Snooker. Let’s talk about snooker again. There is a point to this. I’ll keep it brief. For those of you who don’t know, snooker is like pool, only on a much bigger table. It requires a better technique than pool. If I don’t practice regularly, my game falls apart, but with pool I can pick it up and play competently even if I haven’t played for a few weeks. Timing on the stroke is everything, you need to be very still, push the cue through in a straight line and follow through on the shot.
To play snooker real good you have to be truly present. Truly in the moment - you have to empty your mind of thoughts. You can’t think about the bad shot you just played before. How would that help you? In its own microcosmic way, you must drop the baggage of the past. Strike it and move on. How many times have I talked myself out of victory in my head because I’ve played 3 or 4 terrible shots in a row? Or just lost a game I should have won? How can I expect to play a good shot, get my timing right, push the cue through correctly when I’m still ruminating on my poor play before, or that missed black ball that meant I lost the last game? When you are down on the shot, as soon as you start thinking about anything at all - the positional side of the shot, or the next shot after that, or how many points you are gonna get, the position you are in the match - you are sunk. The ball won’t go in, you’ll miss-time your shot. I play weekly, and it’s a wonderful weekly practice session for ego-management, boxing the chimp. I’m literally putting the methods I’ve learnt into use in every session.
Stephen Hendry, the most successful snooker player ever with seven world titles to his name, was once asked what was in his mind when he was playing the shot. Turns out he had a mantra of sorts, not that he called it that. His mantra? Get in the pocket you bastard. Get in the pocket you bastard. Pretty simple. Setting an intention too. The dude knew what he was doing.
The 1980 World Champion Terry Griffiths, who came through qualifying to beat the top players in the world and is now the most sought after coach would sing a song in his head when down on the shot. Exactly the same idea. A barricade to negative thoughts coming in. As a Welshman, the song he chose was Myfanwy. When down on the shot, he would literally be singing this song over and over in his head. If you are singing a song in your head, how can any negative thoughts come in? Pretty useful tool this, to stop negative thoughts getting in the way. He taught this method to fellow Welshman Mark Williams, while coaching him to two World titles, who chose ‘Waltzing Matilda’ as his song of choice.
There’s more to my snooker metaphor. When you play and think positively, and are playing well, the table responds positively to you. Little nudges, canons and kisses go your way. You can make your own luck on a snooker table. It’s a strange phenomenon to observe but it is real. Attack attack! Trust me, I’ve done a lot of on-table research. Hours and hours and hours and hours. Play positively, and good things happen. Exactly like life.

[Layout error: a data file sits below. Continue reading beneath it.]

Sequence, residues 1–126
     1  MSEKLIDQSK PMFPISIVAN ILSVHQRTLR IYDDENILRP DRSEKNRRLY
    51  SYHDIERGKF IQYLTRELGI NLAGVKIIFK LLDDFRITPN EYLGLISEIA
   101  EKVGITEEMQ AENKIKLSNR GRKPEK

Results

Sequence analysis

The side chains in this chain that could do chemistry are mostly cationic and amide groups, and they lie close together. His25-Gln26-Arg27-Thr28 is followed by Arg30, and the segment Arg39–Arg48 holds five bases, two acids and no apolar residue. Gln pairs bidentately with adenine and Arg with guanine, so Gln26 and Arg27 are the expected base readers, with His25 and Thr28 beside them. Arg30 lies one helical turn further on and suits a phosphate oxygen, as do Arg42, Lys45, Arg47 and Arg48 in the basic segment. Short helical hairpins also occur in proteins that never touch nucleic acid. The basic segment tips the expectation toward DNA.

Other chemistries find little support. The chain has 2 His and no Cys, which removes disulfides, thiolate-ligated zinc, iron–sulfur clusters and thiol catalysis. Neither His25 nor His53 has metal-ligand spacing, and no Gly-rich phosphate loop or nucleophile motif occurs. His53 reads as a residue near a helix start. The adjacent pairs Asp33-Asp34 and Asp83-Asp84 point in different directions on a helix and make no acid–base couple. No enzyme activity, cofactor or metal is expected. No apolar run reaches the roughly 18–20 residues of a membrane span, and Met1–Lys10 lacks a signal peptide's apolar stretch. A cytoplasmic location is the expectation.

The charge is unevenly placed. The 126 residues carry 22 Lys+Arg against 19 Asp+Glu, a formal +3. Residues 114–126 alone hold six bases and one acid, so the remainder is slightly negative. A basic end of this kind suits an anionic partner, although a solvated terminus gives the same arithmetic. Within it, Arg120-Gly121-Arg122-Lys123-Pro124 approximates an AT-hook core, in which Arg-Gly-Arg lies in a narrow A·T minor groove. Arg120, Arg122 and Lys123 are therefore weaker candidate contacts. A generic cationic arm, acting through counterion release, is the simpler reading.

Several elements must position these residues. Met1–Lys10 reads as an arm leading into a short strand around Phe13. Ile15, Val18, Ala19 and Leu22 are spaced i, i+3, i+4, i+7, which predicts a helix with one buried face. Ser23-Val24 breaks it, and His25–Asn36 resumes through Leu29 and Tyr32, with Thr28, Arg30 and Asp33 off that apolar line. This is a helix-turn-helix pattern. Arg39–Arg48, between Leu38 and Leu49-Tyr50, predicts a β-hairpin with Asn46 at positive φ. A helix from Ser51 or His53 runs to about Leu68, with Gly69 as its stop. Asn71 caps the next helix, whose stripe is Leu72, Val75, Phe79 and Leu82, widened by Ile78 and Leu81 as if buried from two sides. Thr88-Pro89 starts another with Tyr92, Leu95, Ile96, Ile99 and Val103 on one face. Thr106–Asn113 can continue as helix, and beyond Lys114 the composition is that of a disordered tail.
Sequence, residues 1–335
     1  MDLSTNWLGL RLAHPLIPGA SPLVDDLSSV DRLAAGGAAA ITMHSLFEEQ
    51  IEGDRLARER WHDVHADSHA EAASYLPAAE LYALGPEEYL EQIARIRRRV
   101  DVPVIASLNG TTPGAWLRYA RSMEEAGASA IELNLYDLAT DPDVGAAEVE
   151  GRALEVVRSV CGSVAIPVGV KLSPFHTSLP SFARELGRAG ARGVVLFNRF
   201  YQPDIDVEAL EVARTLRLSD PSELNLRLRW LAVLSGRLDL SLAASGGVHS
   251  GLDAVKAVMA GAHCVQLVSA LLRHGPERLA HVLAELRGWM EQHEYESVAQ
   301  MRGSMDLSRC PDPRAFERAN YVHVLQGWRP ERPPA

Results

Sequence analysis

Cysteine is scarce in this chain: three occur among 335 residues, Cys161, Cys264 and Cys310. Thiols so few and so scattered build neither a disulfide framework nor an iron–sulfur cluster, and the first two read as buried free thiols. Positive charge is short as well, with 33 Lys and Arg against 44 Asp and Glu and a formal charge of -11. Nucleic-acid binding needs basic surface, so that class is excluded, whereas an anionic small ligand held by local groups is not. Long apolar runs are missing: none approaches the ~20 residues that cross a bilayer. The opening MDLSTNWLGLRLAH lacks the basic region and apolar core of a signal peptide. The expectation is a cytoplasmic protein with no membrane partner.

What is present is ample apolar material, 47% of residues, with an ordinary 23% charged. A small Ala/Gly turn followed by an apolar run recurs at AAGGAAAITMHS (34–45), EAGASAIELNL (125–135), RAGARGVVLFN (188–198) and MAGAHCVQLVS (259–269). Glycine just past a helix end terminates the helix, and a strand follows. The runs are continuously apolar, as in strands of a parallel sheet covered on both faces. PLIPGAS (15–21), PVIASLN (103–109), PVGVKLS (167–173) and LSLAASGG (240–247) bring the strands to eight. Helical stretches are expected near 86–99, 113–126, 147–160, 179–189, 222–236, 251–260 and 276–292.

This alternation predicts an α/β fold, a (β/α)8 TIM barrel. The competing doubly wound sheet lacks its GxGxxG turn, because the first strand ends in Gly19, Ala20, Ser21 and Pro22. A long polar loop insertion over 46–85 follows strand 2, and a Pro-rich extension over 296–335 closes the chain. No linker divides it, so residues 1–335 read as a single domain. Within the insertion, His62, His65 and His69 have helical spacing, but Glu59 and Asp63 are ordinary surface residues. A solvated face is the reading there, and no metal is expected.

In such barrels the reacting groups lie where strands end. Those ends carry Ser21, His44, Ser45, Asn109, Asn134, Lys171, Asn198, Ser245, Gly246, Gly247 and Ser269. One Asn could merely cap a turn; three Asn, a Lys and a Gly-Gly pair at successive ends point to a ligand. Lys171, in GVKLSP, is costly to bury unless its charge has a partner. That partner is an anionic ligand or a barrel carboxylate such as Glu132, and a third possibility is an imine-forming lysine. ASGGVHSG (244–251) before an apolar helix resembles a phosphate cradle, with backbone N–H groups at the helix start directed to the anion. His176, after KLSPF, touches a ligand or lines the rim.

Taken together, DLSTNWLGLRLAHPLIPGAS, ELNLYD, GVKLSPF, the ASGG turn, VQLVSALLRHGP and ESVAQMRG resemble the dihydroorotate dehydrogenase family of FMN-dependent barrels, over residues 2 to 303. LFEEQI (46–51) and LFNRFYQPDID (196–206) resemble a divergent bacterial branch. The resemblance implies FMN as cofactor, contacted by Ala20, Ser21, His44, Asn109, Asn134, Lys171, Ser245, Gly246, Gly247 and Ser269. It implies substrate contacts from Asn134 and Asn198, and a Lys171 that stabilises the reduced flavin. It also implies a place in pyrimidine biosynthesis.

I have a long-standing rivalry with my studio partner Steve. We are pretty evenly matched, which makes for tremendous tussles. We have a shield that passes between us - the erroneously engraved Planck Music Cup - and we play tournaments, first to 9 games, over several sessions. The target provides a storyline and drama in each session. If he gets ahead by a few frames, which can happen, then of course my chimp goes into overdrive. ‘rubbish, if he gets this frame, he’s only two away from winning the tournament’ - and I’m so grateful for the opportunity to put into practice the methods I’m sharing with you today. Sometimes I find myself on a five minute long downward negative thought spiral before I catch myself and sort out my thoughts. I sing a song.
‘Waltzing Matilda, Waltzing Matilda, you’ll come a waltzing Matilda with me’
Don’t worry I won’t sing again. Those aren't even the right words. I just looked them up.
We call it the cruel game. You can have the most awful luck on a snooker table, no matter how positively you are playing. Sometimes, it just feels like the snooker gods have got it in for you. You might not get a decent chance at a pot in what seems like an age. It can be so frustrating. An entire game can go by without you feeling like you had a sniff of a chance to get a break going. You watch in pain as the ball runs safe again and again after your opponent makes a mess of his pot. Or you keep going in-off - scratching the white. Sometimes you can give your opponent 20 odd penalty points and in an amateur level club game twenty points is a big deal. I can feel the rage inside me come up and internally I’m screaming ‘just give me a shot! One chance and I’ll get some points on the board!’ and I have to take myself to the toilet, look at myself in the mirror and give myself a good talking to.
How does getting angry serve me in this case? How would getting frustrated at my seemingly bad luck help me win the game?
Strike it and move on. Your luck will turn, it always does. Be patient, and wait for your chance, enjoy the ride. And when that chance comes, don’t invest too much in the outcome. Have a plan in place for your next step, which ball you are playing onto, clear your mind, get down, and be present.
Get in the pocket you bastard.
- Posts: 4779
- Joined: 20 August 2013
- Location: Shoreditch, London
- Snooker Idol: The Rocket + The Nugget
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